Locked down, playing chess: a poem by Fernando Arrabal

by Fernando Arrabal
1/29/2021 – Spanish playwright, screenwriter, film director, novelist, and poet Fernando Abarral is locked down in Paris. Noting that he plays ten chess games online per night, he sent us a poem filled with tragic yet inspiring remembrances. Arrabal writes, “Except for the first few days, the rest was bearable”.

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Remembrances of a chess player

by Fernando Arrabal, from Paris

…many thanks!  

they have been imposed on me, I guess like to everyone else,

a number of confinements

the first due to typhoid fever 

then three due to pleurisy (was it already tuberculosis?)

one in the Bouffémont sanatorium with the usual morning and afternoon sleeping sessions 

yet another in the prison of Carabanchel (Madrid) and its surroundings 

three for surgeries at the Cochin Hospital in Paris 

and finally the cerebrovascular accident seven years ago at the Lariboisière Hospital in Paris

my adored son (a doctor in molecular biology) told me that “I would no longer be able to speak” (which, fortunately, was not true).

[the one thing I asked him, “Please, I would like to continue the chess tournament”];    

Except for the first few days, the rest was bearable

I wrote during these periods  

mainly plays

in the sanatorium, Fando y Lis and El cementerio de coches,

in Carabanchel, El jardín de las delicias

where I also played several games of blindfold chess while another prisoner kept score

but unfortunately, and understandably, the scoresheets were taken away from me on my release fearing that they were secret messages;    

Is this confinement less wretched and more radiant, or at least sunnier, than the previous ones?     

Is it concurrent and ‘externalizing’ because of the nature of this evil?  

And above all because of my adored daughter (as esteemed and special as ever) who comes to see me almost every day 

bringing what I may need (which by the way is not much);

I write with the same rhythm as always

I take selfies almost daily

I dress up, I wear a boutonnière 

I wear a bow tie, a different set of sunglasses (on top of the usual ones) every day;  

The one thing that is exceptional: 

I regret not being able to see my son, his wife and my twin grandchildren (they live at 600-metre distance)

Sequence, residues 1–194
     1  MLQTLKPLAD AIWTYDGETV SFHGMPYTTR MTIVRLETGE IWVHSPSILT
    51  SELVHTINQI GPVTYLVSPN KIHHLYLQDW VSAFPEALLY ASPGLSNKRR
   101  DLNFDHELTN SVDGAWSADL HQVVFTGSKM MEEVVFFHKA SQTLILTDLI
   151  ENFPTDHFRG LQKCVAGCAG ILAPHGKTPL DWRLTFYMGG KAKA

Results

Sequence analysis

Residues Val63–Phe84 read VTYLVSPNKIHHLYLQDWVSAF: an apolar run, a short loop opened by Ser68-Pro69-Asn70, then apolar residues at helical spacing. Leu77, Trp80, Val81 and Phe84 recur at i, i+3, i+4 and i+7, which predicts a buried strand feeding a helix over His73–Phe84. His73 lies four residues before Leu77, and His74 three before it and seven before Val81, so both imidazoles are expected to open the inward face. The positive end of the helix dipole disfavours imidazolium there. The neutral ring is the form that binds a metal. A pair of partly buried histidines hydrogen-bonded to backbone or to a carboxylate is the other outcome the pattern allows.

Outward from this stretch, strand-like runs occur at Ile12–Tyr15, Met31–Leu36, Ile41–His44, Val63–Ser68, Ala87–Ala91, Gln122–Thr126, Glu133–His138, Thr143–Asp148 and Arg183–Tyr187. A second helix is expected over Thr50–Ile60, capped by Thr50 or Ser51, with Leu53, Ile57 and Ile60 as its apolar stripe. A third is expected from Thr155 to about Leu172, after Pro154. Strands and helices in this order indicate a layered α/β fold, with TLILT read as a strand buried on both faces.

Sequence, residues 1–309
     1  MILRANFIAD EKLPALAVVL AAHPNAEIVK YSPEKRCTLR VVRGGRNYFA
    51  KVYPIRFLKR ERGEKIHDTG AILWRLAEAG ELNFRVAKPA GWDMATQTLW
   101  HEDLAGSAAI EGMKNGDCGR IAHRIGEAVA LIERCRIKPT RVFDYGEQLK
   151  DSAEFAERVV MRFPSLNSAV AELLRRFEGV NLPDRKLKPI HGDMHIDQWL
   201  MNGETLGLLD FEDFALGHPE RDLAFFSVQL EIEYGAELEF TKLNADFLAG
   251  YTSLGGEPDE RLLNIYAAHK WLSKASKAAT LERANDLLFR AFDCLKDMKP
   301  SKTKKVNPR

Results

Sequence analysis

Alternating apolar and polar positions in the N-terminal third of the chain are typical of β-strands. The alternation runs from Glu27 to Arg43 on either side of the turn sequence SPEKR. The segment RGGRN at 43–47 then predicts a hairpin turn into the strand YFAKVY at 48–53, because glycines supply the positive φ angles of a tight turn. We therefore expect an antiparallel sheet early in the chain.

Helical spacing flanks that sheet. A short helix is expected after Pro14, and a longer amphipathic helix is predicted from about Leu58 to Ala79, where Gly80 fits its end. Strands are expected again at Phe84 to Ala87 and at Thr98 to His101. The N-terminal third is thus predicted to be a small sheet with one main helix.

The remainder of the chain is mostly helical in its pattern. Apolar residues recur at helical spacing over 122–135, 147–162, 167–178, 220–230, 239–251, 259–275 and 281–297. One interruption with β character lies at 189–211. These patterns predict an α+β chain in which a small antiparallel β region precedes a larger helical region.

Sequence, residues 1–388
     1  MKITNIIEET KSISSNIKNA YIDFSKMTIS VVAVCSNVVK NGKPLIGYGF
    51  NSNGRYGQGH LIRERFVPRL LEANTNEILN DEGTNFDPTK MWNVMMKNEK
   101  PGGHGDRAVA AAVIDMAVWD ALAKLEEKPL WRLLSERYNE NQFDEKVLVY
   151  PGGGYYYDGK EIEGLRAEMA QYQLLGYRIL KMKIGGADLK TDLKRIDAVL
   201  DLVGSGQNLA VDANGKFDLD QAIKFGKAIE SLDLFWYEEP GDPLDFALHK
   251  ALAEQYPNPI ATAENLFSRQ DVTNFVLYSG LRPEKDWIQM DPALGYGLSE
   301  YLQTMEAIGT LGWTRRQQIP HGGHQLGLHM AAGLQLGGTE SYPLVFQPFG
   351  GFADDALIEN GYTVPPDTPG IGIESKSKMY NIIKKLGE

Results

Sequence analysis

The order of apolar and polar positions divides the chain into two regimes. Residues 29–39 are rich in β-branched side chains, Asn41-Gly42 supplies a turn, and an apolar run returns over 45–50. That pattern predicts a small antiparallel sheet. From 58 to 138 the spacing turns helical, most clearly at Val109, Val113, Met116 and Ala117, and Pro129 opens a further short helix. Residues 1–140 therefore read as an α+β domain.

I can’t join my friends at parties

I keep posting on Twitter, Instagram and the presse internationale;

Every night I play ten 10-minute chess games, almost always against Indians, Ukrainians or Americans; 

I have written two plays, Pétalos de confinamiento and Julieta (I had promised it to J. Gréco),

which, like the rest of my work, I have the honour and undeserved pleasure 

of knowing that they will be performed, one day or the other, from Tasmania to Anchorage; 

in Paris, at the Théâtre 13, in front of ten people,  

they will perform El cementerio de coches;


Tanya Pixoto wrote me on Lady Day, the Feast of the Annunciation,

…(I’m almost 88 years old) and I’ve seen for the first time in my life the signature and the precious and precise handwriting of my previously unknown grandmother Concepción Ruiz;

I discovered it in March thanks to Marina Llobera de Pollença;

How artfully my Grandmother-Courageous addresses her sons’ jailer and executioner! 

Would it have been a crime to send him a simple letter? 

My Grandmother (& Mother)-Courageous, how did she manage to get from Córdoba to Palma de Mallorca in the middle of the un-civil war?

Was she finally able to kiss her son on death row two months before his execution at the Fort of Illetres in Palma de Mallorca? 

How could she travel from Córdoba to Ceuta to kiss her son Fernando, my father, during the year he spent on death row?

How could she still make the Córdoba-Barcelona trip to kiss her son Ángel during the year he spent on death row?; 

She had to bite the bullet and tell the victors — and executioners of her three sons — that she had survived the pain of having lost her two other sons at the hands of the red fury

she had to bite the bullet and call her son’s slaughterer Your Excellency… and to do it with the utmost respect and consideration 

she had to bite the bullet and say that due to the vagaries of life her son had the misfortune of having been deprived of his freedom 

she had to bite the bullet and mention the kind heart of her son’s tormentor and ask God to preserve his life for many years to come for the good of our beloved Spain

she had to bite the bullet and refer to the year that saw all the sorrows of a mother stacked up together as a triumphant year.

Fernando Arrabal

A letter from 1937

Fernando Arrabal, Concepción Ruiz

Concepción Ruiz, Fernando Arrabal’s grandmother

Translation from Spanish: Carlos Colodro


Fernando Arrabal Terán (born August 11, 1932) is a Spanish playwright, screenwriter, film director, novelist, and poet. He was born in Ceuta and settled in France in 1955. Arrabal has directed seven full-length feature films and has published over 100 plays; 14 novels; 800 poetry collections, chapbooks, and artists' books; several essays; and his notorious “Letter to General Franco” during the dictator's lifetime.


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